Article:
Read it all. But since TMV is mentioned, to clarify: (a) I stand by my headline and everything in TMV’s post (b) TMV is not and will not be a part of any “campaign” for or against any candidate: we look at each issue individually and each writer here then gives readers his/her own take on it. (We routinely lose readers on the right and left, seldom get political ads from candidates and are never invited to any candidate conference calls to friendly bloggers due to our independence).
And Don’t Miss This MUST-READ On Shuster/Clinton by The Gun Toting Liberal
REQUIRED READING FOR ALL POLITICAL JUNKIES!! Political scientist Dr. Steven Taylor’s newest Toast-O-Meter is up where he takes a concise but thoughtful look at where the campaign is — who’s up, down and gives you some vital links. But this week he also looks an a fascinating issue which merits quoting here:
Perhaps the most remarkable aspect of this election cycle to date has been the advent of widespread delusion regarding the candidate pool. I am not sure how much of this is because in the Internet age there is greater access to all, and therefore a higher probability of encountering passionate (if not insane) supporters of a given candidate, how much is the result of the fragmentation of the electorate due to the large number of candidates this year, and how much is because the Earth is tilting slightly off its axis and no one has noticed yet.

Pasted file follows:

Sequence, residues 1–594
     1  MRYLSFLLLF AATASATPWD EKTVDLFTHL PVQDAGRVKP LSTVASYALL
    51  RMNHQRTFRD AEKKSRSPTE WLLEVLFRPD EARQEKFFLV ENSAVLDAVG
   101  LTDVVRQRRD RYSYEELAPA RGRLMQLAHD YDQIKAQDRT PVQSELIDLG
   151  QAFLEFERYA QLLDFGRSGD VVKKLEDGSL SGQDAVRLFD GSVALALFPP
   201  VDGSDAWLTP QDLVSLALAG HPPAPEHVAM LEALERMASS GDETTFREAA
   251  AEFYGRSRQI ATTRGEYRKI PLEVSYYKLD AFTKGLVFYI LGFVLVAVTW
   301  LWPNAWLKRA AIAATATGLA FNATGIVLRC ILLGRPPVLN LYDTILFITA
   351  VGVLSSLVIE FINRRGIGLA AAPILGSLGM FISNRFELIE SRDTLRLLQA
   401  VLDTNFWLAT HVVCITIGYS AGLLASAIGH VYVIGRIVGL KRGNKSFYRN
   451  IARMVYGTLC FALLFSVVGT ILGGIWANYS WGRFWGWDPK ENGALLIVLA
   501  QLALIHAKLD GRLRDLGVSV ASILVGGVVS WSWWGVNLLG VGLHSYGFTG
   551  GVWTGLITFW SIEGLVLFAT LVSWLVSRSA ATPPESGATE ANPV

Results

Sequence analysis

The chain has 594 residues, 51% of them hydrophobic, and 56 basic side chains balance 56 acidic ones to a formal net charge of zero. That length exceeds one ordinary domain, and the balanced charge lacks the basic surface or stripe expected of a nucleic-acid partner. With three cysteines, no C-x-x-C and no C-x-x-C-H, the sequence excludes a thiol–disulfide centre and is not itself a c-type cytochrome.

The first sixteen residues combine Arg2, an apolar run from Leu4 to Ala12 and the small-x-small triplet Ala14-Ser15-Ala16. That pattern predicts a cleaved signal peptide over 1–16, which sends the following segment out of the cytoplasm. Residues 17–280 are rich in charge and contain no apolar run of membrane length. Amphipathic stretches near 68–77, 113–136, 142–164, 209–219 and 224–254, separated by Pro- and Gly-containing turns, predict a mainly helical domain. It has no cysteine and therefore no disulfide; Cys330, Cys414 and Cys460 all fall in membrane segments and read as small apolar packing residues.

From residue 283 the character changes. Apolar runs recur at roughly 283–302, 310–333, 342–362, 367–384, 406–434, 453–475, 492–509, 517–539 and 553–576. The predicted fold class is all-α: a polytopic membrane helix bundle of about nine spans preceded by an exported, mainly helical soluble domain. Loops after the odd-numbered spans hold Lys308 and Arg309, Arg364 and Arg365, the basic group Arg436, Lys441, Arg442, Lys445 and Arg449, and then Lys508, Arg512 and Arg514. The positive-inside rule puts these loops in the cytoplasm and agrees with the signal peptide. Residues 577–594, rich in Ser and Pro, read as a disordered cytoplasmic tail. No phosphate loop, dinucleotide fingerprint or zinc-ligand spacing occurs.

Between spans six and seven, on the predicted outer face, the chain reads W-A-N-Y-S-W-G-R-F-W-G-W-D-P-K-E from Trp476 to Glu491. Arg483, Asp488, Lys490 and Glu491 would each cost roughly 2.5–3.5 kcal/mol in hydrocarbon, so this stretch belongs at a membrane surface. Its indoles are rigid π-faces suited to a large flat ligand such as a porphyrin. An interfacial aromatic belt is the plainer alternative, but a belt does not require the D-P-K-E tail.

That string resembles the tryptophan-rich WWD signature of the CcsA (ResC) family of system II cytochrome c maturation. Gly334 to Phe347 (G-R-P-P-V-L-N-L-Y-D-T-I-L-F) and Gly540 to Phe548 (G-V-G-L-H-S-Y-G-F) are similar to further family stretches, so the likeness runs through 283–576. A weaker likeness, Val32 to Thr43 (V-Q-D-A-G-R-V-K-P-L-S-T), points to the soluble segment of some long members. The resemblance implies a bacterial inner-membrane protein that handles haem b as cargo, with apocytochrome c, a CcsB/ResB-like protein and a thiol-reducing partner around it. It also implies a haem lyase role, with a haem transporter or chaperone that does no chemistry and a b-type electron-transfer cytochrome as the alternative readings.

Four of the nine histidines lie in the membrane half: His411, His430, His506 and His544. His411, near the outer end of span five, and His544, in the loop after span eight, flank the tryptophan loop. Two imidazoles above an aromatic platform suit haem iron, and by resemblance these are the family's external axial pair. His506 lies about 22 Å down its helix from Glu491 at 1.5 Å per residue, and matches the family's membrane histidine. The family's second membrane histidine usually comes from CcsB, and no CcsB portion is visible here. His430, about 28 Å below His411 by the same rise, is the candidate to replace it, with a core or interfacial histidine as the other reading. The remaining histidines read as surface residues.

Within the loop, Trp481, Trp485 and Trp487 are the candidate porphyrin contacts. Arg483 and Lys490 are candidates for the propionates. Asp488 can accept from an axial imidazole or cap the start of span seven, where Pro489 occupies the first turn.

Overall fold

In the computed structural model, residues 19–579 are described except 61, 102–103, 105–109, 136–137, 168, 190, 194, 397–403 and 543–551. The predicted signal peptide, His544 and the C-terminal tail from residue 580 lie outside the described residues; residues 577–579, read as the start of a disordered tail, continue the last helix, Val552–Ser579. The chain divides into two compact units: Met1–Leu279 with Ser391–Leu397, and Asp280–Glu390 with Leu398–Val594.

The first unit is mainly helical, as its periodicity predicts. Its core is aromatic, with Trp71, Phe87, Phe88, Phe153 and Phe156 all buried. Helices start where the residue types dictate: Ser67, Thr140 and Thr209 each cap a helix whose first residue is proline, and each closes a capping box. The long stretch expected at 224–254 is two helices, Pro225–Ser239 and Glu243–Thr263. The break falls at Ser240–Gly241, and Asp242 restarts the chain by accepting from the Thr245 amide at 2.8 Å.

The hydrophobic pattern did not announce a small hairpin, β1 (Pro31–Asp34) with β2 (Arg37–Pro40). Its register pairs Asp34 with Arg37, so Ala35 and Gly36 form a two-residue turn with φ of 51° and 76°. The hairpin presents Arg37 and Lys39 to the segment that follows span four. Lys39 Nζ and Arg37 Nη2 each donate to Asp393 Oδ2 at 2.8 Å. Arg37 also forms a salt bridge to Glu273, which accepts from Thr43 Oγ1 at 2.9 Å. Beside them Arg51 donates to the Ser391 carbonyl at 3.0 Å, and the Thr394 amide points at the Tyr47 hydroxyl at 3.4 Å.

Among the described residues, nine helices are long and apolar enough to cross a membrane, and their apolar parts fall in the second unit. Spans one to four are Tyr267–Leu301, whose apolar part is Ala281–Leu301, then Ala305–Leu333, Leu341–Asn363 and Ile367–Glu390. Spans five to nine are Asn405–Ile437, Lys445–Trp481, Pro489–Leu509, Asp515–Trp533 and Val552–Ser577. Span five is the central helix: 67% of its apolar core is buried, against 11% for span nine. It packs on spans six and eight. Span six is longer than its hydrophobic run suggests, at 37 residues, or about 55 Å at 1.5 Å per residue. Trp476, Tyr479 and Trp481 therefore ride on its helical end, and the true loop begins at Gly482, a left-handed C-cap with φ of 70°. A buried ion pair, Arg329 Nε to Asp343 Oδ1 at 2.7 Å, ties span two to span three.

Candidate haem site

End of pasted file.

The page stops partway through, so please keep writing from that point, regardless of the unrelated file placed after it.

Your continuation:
It could be all three — but his point about the Internet is well taken. Rather than seeing a broadening of perspectives on many websites, there is an increasing (and understandable) partisanship that has now narrowed even further from Democratic/Republican to individual candidates. On many websites you can almost tell whom they support by the headlines. This also will have positive fall-out (which we genuinely believe and know is NOT why websites take positions) so a website will get lots of pro-Hillary readers, others pro-Obama, some pro-McCain, and others anti-McCain. (TMV goes in cycles depending on who is posting and the issue so we routinely get — and then lose — whole blocks of readers and). MORE: